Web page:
Effective Video Skills are Essential for Digital Fluency
As media consumers we know video is prolific. From social media channels to online classes, streaming entertainment to video chatting, there is little doubt video is profoundly changing how we communicate, entertain, market, and learn. Cisco’s Visual Networking Index predicted video would be 80% of global consumer internet traffic by 2019, and organizations rely on video to not only inform the public but also inform internal teams and illustrate ideas. There is no doubt the workforce of the future is based on a digital economy that requires fundamental knowledge of effective video.
As educators teaching traditional or virtual classes, we can prepare students for the modern workforce by incorporating video, regardless of academic discipline. Effective communication transcends any discipline, and most of us will teach using video in very traditional ways. However, there are ways you can bridge the “video knowledge gap” and increase student engagement while delivering your traditional learning outcomes. Any educator can do it! I am excited to share the fundamentals of effective video as well as some unexpected ways of integrating video creation into any course — for any discipline.
Effective educational video principles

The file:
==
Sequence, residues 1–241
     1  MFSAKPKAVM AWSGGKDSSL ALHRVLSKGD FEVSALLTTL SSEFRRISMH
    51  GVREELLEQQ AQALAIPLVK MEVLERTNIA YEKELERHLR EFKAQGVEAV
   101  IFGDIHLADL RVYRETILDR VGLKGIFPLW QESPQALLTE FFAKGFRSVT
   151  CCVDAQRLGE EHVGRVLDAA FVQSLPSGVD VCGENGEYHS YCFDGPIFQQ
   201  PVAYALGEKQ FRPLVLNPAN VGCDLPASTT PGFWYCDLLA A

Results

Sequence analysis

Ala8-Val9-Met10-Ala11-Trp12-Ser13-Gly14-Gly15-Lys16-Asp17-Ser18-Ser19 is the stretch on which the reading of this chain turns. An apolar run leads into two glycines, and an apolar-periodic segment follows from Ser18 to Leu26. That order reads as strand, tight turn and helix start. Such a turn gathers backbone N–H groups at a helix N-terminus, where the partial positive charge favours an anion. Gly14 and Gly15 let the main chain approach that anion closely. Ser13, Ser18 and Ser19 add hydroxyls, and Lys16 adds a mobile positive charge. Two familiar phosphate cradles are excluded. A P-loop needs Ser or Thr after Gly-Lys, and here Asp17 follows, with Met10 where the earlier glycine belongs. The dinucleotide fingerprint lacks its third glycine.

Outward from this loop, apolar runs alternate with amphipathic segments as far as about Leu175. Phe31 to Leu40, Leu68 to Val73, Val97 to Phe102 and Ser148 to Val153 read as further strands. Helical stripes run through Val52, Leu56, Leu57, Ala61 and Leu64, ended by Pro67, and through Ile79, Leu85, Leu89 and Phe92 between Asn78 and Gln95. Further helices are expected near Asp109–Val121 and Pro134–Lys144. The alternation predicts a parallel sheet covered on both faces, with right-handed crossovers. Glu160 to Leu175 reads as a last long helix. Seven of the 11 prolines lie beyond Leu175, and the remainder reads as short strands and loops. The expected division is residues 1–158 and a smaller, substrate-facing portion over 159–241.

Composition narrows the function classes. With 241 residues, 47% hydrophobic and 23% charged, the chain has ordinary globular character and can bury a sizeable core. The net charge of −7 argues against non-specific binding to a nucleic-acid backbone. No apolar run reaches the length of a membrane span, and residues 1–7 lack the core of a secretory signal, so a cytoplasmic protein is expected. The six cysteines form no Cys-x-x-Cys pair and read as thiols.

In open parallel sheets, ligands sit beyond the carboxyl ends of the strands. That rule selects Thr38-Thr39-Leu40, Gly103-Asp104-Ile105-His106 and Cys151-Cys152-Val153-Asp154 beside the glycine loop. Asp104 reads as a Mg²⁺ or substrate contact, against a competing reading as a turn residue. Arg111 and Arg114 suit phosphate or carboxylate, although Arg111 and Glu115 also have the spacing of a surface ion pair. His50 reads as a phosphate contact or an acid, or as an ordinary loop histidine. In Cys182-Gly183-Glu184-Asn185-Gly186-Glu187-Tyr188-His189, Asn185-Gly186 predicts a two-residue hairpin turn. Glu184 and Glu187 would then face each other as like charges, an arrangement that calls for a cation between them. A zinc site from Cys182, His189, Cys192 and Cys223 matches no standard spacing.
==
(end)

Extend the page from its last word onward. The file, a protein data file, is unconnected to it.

Anyone using video to communicate should look at the principles of making effective educational videos, whether the goal is to communicate a product, service, or idea. In terms of STEM/STEAM education, understanding the effective components of video is essential.
Cynthia J. Brame, in her article “Effective Educational Videos: Principles and Guidelines for Maximizing Student Learning from Video Content,” states, “Video may have particular value for student preparation in biology classes, in part because students may find it more engaging (Stockwell et al., 2015) and because it can be well suited to illuminating the abstract or hard-to-visualize phenomena that are the focus of so many biology classes” (e.g., Dash et al., 2016; see “Video Views and Reviews features in CBE—Life Sciences Education” for other examples). While these effective video principles come from “student learning” principles, they are applicable to anyone hoping to effectively communicate through videos.